with advice from Randy Gustafson, PT, MPT, MOMT; Cindy Powell, PT, MPT, ATC, STS; and Mika Yoshida, CSCS, EP-C
Aging isn’t fun for anyone. Your memory starts to fade, your body slows down and gains weight, and your joints start to stiffen. And while no one can reverse or stop the aging process, one of the best ways to reduce the speed at which your body is changing is to be more active.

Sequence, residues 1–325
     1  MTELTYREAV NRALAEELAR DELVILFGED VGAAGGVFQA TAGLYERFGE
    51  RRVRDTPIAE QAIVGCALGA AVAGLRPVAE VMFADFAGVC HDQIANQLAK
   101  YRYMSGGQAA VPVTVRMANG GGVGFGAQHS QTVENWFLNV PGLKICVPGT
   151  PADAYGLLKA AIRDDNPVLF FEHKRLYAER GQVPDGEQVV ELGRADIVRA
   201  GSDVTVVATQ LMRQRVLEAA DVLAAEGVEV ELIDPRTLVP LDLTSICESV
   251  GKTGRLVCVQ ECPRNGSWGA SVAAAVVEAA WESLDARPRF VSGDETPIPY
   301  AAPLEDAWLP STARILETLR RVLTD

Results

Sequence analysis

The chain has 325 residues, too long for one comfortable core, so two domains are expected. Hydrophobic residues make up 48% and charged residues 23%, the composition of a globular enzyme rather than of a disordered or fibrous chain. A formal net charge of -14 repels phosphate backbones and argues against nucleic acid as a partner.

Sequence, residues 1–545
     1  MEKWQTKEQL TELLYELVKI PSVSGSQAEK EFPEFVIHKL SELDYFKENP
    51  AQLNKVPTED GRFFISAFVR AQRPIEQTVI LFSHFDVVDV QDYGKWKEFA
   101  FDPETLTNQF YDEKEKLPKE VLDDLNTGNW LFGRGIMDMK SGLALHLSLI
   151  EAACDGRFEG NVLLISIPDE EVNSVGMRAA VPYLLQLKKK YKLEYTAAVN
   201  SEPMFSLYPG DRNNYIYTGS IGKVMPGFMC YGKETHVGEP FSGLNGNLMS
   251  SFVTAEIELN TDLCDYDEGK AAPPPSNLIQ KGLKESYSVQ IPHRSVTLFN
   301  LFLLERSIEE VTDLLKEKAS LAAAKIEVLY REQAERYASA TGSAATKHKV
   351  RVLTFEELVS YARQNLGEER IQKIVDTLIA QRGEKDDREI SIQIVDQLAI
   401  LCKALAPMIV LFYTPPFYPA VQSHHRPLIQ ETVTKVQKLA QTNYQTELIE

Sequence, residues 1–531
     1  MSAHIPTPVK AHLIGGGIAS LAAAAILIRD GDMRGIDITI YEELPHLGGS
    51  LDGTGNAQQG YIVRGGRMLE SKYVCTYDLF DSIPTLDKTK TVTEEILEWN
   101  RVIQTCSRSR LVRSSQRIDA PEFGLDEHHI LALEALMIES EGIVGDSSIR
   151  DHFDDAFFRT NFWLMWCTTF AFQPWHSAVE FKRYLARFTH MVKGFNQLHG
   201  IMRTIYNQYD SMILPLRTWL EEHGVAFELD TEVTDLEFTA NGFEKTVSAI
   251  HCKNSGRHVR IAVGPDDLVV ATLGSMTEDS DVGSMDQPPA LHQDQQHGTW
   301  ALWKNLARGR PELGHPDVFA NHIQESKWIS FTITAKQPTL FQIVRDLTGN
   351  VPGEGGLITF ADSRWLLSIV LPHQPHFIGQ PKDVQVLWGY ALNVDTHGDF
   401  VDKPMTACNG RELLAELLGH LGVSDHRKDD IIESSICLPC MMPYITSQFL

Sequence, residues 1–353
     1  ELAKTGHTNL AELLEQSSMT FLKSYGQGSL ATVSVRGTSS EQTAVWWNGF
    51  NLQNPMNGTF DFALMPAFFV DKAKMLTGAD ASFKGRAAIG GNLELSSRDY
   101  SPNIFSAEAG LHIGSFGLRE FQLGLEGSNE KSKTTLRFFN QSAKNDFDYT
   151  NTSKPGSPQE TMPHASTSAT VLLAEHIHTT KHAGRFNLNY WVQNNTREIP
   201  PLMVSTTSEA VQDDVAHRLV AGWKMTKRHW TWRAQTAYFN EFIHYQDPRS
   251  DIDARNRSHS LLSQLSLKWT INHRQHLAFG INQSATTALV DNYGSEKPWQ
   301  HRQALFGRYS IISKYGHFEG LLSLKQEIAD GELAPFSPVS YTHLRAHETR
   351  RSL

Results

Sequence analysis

“As the years go by, staying active becomes one of the key factors in staying independent, pain-free and feeling good,” says Randy Gustafson, a physical therapist and the owner of Physiquality member Mesa Physical Therapy in San Diego, California. Exercise is known to help prevent and reduce such problems as heart disease, diabetes, and stroke, along with its more obvious benefits of increasing strength and reducing — or at least maintaining — weight. And, Randy points out, better health from increased activity often allows patients to reduce their reliance on some medications, allowing patients to take them less frequently or sometimes quit them altogether.